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New NAMB funding model moves funds from Alabama comment (0)

October 24, 2013

TORONTO — A new funding model between the North American Mission Board (NAMB) and South Region state conventions — which includes Alabama — was announced during NAMB’s Oct. 9 board meeting in Toronto. The traditional cooperative budget agreement between NAMB and each South Region convention is transitioning to a grant system that is simpler, leaves more spending decisions to the states and will no longer include personnel, said NAMB President Kevin Ezell.

Bobby DuBois, associate executive director for the Alabama Baptist State Board of Missions (SBOM), said the new agreement eliminates the Cooperative Agreement (CA) that has been operated under for decades. “Under the CA, NAMB and individual state conventions agreed in advance what state and NAMB priorities would be jointly funded. NAMB no longer has CAs with individual states,” he said.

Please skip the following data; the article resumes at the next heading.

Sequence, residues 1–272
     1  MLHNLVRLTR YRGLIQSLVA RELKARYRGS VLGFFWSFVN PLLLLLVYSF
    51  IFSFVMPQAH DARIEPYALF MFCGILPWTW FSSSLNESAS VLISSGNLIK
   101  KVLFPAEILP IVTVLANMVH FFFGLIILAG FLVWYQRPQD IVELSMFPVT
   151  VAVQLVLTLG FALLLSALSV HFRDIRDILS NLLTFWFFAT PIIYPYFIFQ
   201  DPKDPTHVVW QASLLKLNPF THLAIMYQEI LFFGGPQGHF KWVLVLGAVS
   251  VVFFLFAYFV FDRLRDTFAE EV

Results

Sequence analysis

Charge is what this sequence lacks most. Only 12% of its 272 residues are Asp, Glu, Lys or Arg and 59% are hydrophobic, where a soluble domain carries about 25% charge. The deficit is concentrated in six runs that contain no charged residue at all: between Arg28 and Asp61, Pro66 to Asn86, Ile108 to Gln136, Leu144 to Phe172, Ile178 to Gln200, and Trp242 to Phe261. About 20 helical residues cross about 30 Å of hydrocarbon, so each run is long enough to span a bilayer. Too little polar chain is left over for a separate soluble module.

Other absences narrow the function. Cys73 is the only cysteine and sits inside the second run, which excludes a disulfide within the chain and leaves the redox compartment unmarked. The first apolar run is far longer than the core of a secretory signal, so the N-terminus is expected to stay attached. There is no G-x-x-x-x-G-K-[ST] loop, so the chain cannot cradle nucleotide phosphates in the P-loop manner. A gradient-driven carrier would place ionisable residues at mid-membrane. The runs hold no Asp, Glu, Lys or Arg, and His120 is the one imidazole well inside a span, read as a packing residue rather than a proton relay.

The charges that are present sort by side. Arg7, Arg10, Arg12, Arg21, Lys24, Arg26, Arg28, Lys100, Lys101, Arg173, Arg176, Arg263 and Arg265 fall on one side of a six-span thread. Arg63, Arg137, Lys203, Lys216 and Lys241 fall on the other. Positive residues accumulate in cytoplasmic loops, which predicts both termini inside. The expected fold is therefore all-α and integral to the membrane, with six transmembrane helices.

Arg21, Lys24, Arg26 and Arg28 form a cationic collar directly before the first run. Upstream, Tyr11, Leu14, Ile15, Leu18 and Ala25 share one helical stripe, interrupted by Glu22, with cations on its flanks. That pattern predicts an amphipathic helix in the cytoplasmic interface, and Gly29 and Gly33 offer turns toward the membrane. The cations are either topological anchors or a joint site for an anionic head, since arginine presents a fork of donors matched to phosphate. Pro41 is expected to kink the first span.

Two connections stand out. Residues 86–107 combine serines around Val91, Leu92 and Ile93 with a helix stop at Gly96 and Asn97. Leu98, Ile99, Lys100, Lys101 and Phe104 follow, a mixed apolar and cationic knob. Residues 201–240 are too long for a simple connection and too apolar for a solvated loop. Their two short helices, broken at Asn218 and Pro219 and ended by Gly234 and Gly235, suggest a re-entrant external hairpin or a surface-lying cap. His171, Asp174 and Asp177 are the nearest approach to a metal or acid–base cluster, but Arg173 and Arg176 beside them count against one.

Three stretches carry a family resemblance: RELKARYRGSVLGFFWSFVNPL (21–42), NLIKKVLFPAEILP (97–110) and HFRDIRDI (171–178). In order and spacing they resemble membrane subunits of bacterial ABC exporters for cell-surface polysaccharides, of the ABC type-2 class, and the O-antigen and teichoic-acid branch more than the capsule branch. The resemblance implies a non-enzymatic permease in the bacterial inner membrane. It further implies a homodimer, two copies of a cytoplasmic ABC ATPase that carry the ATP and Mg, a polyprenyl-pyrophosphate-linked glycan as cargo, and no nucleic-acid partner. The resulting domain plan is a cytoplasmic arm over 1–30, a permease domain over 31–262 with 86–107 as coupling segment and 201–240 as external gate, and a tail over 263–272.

Previously NAMB and the Alabama Baptist State Convention — which is currently the top state convention in dollars given through the Cooperative Program — would share costs on ministries jointly agreed upon with a percentage formula.

But “the new agreement provides a flat funding amount for Deep South states beginning in 2015,” DuBois said. “The SBOM will receive fewer dollars than in the past but we will work hard to see that our missions and ministry priorities in Alabama do not go unfunded. Alabama will continue to seek ways to partner with Southern Baptist Convention entities where we can. Church planting and church revitalization are important ministries for Alabama, and we will work with NAMB in funding these ministries.”

Ezell said NAMB will be able to double church planting funds in 2015 in states such as Illinois, Indiana and Ohio with savings from the transition. The shift of funds from South to non-South regions also will allow NAMB to invest $1 million over four years for new churches in the Interstate 29 corridor stretching from the Dakotas to Kansas City. The funding shift also will provide an additional 15 church planting catalysts (CPCs) throughout North America.

Ezell also announced plans for three new national CPCs: for deaf churches to focus on starting 100 new churches for the deaf, for churches located near military bases and for missional communities to focus on forming cell groups or missional communities in Send North America cities.

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